I ended up looking at OluKai Men's sandals, and all OluKai Men's sandals Size 10), before buying two of their model Olukai Nui (noo-ee) Translation: Greatest in color tan/tan for $85 each. (NOTE: Please NOTE that this blog is NOT a paid advertisement -- I am just a happy customer!) The description says, "Decorative stitching on foot bed, hand-sewn whip stitching, soft nylon toe post, embroidered logo. Non-marking rubber and gum rubber outsole with island inspired pod design. Compression-molded EVA footbed topped with premium full-grain leather. Anatomically correct contour for a personalized fit and sustained comfort over time. Our thermoset rubber is a compound of natural and synthetic rubber that will not leave marks or 'scuffs' on surfaces of any type. Our gum rubber outsoles, as a natural material, will always naturally be non-marking."
Of course, I also had to check out the very gay Abercrombie & Fitch men's leather flip-flops at "Mens Flip Flops" abercrombie.com accessed Mar. 9, 2016. These were very popular with college fraternity boys a few years ago. (See previous post Gay CEO of Abercrombie goes out of fashion but I still love his leather flip-flops (1/25/15).)
Specifically, I looked at the Leather Flip Flops $48 Shown In dark brown that is described as: "Soft and comfortable, Footbed and upper are genuine nubuck leather. Slimmer foot bed silhouette with new composite for overall comfort. Super soft micro-fiber elastic on back of upper." I noticed that this isn't real leather like previous pair that I owned, would be OK for wet rainy Oregon, but would ot as comfortable as wering leather soles.
Bruce Weber is the fashion photographer behind the very successful look and feel of the Abercrombie and Fitch mail order catalog and store display photographs. Young gay boys were the first to latch onto the A&F fashion before it became so mainstream in every mall in America that it lost its fashion appeal. Despite A&F being going out of fashion, there are still gay men today who subscribe to the A&F catalog just to get the erotic pictures of hunky guys.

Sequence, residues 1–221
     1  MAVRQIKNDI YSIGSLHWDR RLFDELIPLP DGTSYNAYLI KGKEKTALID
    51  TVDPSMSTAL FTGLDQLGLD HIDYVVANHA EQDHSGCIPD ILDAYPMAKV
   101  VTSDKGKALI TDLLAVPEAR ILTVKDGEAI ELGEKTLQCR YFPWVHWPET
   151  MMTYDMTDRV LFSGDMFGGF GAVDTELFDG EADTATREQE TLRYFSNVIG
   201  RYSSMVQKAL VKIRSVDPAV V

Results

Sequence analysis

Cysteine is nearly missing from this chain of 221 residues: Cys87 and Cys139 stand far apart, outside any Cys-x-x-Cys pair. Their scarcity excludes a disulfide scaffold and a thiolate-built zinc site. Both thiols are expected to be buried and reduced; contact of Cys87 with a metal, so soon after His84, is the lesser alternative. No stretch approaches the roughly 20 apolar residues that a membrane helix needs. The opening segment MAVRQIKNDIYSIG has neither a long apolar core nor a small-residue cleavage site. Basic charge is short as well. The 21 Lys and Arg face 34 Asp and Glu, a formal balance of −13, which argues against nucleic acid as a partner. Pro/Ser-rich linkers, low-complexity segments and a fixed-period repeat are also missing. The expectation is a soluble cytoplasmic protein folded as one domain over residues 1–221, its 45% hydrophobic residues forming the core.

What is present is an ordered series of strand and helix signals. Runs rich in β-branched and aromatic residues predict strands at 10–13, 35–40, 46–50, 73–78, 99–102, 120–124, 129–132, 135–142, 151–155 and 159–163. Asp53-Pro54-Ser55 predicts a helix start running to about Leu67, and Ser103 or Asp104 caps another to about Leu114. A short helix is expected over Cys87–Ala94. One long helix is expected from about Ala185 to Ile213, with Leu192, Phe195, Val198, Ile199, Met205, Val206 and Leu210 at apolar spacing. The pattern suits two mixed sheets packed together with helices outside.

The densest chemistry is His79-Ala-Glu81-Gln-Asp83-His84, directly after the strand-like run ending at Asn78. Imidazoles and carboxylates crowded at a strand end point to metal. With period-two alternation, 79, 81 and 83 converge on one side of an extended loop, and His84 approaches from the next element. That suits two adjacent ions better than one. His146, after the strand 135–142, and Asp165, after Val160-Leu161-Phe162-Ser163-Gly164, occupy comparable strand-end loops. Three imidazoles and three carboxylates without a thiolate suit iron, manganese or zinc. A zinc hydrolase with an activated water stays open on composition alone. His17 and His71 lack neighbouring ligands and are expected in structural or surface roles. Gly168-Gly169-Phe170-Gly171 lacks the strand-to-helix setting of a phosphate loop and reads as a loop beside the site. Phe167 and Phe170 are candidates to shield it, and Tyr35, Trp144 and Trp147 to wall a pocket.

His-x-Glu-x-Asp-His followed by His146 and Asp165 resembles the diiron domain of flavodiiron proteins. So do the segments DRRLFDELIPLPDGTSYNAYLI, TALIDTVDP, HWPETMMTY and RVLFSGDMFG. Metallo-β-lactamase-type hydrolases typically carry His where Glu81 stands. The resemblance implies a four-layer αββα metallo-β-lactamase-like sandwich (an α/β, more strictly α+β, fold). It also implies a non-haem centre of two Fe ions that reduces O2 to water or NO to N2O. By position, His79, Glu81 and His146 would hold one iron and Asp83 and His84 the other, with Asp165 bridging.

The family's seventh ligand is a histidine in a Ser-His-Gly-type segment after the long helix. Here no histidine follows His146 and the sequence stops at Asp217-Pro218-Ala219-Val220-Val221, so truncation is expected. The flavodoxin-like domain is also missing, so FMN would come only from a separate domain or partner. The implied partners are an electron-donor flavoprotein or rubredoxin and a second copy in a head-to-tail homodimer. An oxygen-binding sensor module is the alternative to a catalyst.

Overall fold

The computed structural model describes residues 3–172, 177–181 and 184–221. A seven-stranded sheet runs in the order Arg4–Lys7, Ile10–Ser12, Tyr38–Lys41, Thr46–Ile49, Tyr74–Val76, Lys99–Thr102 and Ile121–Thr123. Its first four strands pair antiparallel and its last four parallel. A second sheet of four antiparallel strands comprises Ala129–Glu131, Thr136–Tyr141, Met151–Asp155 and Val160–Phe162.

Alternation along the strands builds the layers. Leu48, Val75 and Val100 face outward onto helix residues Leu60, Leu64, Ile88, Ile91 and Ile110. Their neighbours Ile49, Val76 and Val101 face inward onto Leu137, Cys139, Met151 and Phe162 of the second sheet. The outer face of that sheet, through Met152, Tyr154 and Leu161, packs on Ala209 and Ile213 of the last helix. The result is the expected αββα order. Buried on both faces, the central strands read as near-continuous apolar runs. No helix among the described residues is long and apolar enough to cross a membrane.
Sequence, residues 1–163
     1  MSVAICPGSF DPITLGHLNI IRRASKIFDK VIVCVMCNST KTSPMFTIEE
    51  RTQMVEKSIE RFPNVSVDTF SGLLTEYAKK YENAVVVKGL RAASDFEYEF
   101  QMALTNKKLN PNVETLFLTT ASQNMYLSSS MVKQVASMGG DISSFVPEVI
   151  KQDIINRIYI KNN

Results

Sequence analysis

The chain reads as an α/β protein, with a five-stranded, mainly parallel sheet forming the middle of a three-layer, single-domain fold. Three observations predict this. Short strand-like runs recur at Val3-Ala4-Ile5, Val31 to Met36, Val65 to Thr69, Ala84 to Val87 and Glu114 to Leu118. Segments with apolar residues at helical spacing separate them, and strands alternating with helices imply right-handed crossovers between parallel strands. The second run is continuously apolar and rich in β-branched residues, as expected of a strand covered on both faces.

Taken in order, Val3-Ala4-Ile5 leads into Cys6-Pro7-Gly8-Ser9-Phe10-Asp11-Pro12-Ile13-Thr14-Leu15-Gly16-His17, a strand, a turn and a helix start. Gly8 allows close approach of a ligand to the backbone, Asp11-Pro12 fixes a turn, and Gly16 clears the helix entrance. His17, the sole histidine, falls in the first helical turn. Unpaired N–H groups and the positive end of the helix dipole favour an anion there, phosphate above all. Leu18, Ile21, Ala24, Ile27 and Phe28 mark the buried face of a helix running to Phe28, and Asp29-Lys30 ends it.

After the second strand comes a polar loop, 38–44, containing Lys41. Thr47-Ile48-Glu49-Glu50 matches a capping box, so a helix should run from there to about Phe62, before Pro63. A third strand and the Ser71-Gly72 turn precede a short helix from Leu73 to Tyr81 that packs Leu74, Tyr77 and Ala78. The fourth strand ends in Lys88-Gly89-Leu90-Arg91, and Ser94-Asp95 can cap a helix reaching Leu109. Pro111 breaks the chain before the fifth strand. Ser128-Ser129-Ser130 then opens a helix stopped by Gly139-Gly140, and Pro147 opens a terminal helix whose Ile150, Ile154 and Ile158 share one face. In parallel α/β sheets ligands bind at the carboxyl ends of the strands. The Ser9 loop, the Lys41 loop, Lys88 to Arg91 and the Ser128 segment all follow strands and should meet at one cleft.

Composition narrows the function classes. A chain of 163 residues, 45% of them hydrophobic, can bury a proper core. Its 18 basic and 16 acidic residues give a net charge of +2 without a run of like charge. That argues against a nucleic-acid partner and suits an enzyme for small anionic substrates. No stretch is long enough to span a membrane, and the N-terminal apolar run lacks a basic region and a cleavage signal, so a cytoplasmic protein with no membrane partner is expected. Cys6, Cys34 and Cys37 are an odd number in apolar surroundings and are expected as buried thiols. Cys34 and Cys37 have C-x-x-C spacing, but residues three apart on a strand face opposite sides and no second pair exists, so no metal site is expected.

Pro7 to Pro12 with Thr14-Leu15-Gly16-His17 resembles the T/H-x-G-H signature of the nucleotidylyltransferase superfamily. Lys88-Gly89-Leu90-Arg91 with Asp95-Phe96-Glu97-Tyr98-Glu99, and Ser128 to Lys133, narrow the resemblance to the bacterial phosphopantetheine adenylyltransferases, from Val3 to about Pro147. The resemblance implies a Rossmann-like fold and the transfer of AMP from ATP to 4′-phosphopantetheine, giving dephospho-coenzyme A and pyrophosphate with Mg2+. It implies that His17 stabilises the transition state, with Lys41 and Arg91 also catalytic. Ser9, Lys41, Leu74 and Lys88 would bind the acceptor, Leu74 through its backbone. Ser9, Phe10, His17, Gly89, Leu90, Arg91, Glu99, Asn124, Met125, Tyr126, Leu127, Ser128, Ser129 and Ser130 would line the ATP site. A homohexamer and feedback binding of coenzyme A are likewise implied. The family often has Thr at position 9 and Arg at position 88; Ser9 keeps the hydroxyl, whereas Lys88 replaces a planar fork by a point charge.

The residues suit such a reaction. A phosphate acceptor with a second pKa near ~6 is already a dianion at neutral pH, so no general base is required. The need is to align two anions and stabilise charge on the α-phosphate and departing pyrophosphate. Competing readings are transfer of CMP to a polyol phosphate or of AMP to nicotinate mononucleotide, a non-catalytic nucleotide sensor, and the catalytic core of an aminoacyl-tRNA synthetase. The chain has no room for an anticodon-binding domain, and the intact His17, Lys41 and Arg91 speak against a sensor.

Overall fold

For years, the CEO of Abercrombie personally famously wore the leather sandals he sold, even to company boardroom and business meetings. (See article by Benoit Denizet-Lewis, "The man behind Abercrombie & Fitch, Mike Jeffries turned a moribund company into a multibillion-dollar brand by selling youth, sex and casual superiority. Not bad for a 61-year-old in flip-flops," Salon.com posted Jan. 24, 2006 and previous posts Bruce Weber Chop Suey movie and book (8/24/09) and Gay CEO of Abercrombie goes out of fashion but I still love his leather flip-flops (1/25/15).)
I didn't spend any time looking at Birkenstocks, which are a lesbian staple in the college town where I now live. Businessweek says, "Birkenstocks have been sold in the U.S. since 1966, when a woman named Margot Fraser started importing them after discovering the shoes on a German vacation. The business has had few ups and downs, with the exception of a faddish bump in the 1990s. Since then sales have been stable, buoyed by hippies, preppies, and Vermonters who stuck with Howard Dean after the scream. But in the past two years, something strange has been happening to Birkenstocks: They've gotten kind of cool." (See story by Kurt Soller, "Birkenstocks, the preferred sandals of hippies, have risen again. This time, the company has a plan to keep them on top," bloomberg.com posted June 26, 2014)
Men wearing sandals may have been considered gender-bending at one-time in certain parts of the U.S., but men wearing high-heels has always been considered to be queer, which is why the campaign poster of Jack Baker wearing high-heels caught the eye of many University of Minnesota students circa 1971:
PHOTO: Jack Baker used this poster, circa 1971 that made fun of the stereotype that all gays are drag queens, during his successful run for student body President, using the campaign slogan, "Put yourself in Jack Baker's shoes," to become the first openly gay person elected to be the University of Minnesota student body president. See my previous posts Gay U of M student body presidents Chris Armstrong and Jack Baker (10/3/10), Life Magazine 1971 gay liberation story (7/20/08), Life Magazine gay marriage 1971 (11/20/08), and Jack Nichols, Gay Pioneer" biography (3/19/08)
PHOTO: The May 17, 2015 Sunday New York Times newspaper featured the 1971 marriage of Jack Baker and Michael McConnell on the front page in a news article by Erik Eckholm, "Same-sex marriage? Done That, Back in 1971," New York Times, Sunday edition (as printed in Seattle) May 17, 2015, p. 1, 15 also published online as "The Same-Sex Couple Who Got a Marriage License in 1971" nytimes.com posted May 16, 2015. (See previous post Baker marriage hits N.Y. Times front page only 4 decades late (5/17/15)) NOTE: The above is an original photograph taken by Thomas Kraemer (c) 2015 who grants limited copyright permission for it to be reposted by others provided a link and text citation is provided to this blog post.